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Lawson: 10 reasons why the NAPF’s code will not work

Today, the National Association of Pension Funds published draft proposals for an industry code of conduct for pension charges. Here, Standard Life head of pensions policy John Lawson (pictured) explains why he thinks the code will not work in practice – and what policymakers and the industry can do to make charges more transparent.

10 reasons why the NAPF charges code and guides will not work

1. Advisers already negotiate keen charges on behalf of their employer clients – there is no need for employers to bother with the task of understanding and negotiating charges.

2. The employers whom the code is aimed at have no choice of scheme and therefore have no need to compare charges. By definition, if an employer does not have an adviser (and therefore needs the NAPF code to inform them about comparing charges) it is probably because they are commercially unattractive (unwilling to or unable to pay the necessary fees).

These employers will also find it difficult to access a private sector scheme without an adviser, because most private sector providers only deal via intermediaries, not direct with employers. So these employers will only have a choice of one provider – Nest. Therefore, no charge comparison is necessary.

3. The code relies on advisers and providers/administrators/fund managers/trustees collaborating to produce a single document – which one of these parties will take ownership? Are these parties seriously going to share market sensitive cost information to allow a joint charges document to be produced?

4.  Cost. This document is another layer of cost in the scheme tender process – with charges in this market already highly competitive, none of the market participants will want to incur extra costs.

5. Adoption of the code is voluntary. It will be routinely ignored as a result.

6. Even if every industry body (ABI, NAPF, IMA, SPC, IFP, AIFA, PFS, PASA, ICAS, ICAEW, AMPS) made this code mandatory for members, not all market participants are members of these trade associations.

7. The output is meaningless to the employer anyway. The comparison is for a median earning individual paying in 8 per cent of band earnings. There are no UK schemes that exactly fit this model, therefore the illustration is misleading, because your members are all different from this one and even your average member is different.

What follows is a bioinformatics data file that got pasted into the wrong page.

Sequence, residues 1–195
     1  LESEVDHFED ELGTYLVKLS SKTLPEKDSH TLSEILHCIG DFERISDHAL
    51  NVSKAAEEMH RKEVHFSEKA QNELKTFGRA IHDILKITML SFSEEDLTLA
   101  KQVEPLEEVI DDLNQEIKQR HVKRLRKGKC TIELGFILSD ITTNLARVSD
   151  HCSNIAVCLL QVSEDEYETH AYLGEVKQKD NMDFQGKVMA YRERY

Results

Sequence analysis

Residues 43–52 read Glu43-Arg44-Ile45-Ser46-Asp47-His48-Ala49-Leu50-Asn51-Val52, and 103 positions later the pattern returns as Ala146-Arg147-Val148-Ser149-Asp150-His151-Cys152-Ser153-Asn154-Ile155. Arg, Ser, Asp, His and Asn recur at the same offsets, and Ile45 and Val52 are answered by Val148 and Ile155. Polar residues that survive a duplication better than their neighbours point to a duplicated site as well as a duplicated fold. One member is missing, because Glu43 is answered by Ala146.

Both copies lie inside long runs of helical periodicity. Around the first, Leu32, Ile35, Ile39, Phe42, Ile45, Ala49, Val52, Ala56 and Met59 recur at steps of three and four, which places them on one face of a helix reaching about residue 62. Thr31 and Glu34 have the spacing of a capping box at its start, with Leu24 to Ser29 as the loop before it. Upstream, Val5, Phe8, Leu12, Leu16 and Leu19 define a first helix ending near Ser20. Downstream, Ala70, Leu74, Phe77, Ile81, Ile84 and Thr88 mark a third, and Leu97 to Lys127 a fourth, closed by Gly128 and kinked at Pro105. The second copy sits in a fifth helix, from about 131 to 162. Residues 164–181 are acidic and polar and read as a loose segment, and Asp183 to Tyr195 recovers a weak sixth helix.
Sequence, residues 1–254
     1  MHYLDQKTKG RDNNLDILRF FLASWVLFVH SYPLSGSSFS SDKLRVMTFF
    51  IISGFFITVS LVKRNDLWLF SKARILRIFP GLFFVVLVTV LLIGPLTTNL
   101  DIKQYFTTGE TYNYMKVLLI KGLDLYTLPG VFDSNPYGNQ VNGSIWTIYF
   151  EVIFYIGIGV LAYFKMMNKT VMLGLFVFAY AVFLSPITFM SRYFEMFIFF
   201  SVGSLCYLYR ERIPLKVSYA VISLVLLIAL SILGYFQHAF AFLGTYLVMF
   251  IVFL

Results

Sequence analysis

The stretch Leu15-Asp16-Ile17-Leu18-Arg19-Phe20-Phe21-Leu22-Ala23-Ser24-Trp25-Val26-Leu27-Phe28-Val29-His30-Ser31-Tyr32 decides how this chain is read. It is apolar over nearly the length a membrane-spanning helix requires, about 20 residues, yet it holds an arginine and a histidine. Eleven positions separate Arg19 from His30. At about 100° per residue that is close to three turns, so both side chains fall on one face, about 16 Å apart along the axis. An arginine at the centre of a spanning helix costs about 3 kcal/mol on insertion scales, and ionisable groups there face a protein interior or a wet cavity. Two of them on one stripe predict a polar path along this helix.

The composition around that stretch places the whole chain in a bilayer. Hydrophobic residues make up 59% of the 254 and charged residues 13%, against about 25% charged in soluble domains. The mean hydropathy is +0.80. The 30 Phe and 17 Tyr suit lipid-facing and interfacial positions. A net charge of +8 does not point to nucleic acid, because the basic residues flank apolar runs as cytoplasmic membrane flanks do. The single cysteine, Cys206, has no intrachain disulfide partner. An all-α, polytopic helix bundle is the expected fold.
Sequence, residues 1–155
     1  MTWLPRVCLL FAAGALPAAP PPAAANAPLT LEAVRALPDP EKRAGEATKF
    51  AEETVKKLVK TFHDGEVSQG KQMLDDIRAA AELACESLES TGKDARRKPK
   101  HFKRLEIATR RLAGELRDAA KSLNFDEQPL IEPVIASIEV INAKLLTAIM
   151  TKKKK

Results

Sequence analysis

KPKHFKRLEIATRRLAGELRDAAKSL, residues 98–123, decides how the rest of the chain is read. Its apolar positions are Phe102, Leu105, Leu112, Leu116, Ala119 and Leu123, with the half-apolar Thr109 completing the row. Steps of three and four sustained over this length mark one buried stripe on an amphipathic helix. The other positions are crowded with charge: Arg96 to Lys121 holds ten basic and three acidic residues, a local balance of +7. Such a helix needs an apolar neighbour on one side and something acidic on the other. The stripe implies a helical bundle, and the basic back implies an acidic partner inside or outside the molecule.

8. There is no common currency to allow charges to be compared. Some schemes may be employer consultancy fees plus member AMC, others may be employer consultancy and admin fees with the member only paying for fund management and other models may load all costs onto the member via charges to pay for commission or consultancy charges.

How is it possible to find a single comparator for these? FSA new business illustrations use reduction in yield but calculating the RIY in this situation would be extremely challenging.

9. More accurate charge disclosure documents (Key Features Documents and Key Features Illustration) already exist, these accurately display charge data on a comparable basis (RIY) for each individual member. These are mandatory for contract based schemes but some providers produce these documents for trust based scheme.

10. Business to business advice is not a regulated activity and employee benefit consultancies do not treat it as such. They are unlikely to want to formally disclose their fees and charges alongside service providers’ fees and charges on a single disclosure document.

If the NAPF proposals don’t work, how do we make charges more transparent?

– One positive from the NAPF draft guide is that charges for services are clearly set out in a graphic, user-friendly format, even if the numbers are virtually meaningless.

– KFIs and SMPIs are not particularly user friendly. However, charges info in KFI is much more accurate and relevant than info in NAPF guide.

– DWP and FSA are already planning to harmonise SMPI and KFI.

– The DWP/FSA project should be widened to consider all charges – such as those within the TER but not in the AMC and perhaps those outwith the TER (mainly brokerage and stamp duty). Should these be included or not?

– The output from this single illustration must be user-friendly and have:

a) Common charge comparison

b) Ideally projected values in today’s money.

c) Ideally a range of outcomes and the likelihood of these outcomes actually happening (e.g. stochastic projections)

– Industry bodies should lobby Government to take this forward.

– It should be mandatory for all trust based pension schemes, including unbundled schemes, to show charges and illustrations on the basis agreed between FSA/DWP and the industry.



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There are 2 comments at the moment, we would love to hear your opinion too.

  1. TERENCE P.O'HALLORAN 16th May 2012 at 1:50 pm

    Beware socilists at work. The NAPF , ABI and FSA is awash with individuals fit for no other purpose than rules for the social good.

    Like the rules that they produce they are an unnecessary expense and want removing rather than proliferating.

    John Lawson may know more than his youthful appearance gives credit for.

  2. The massive bureaucracy which now controls all aspects of financial services is largely devoid of experience or common sense. It’s all about rules and forms and procedures. If there were a few more practitioners or John Lawson’s helping to deliver policy the industry might be issued with the odd sensible regulation !

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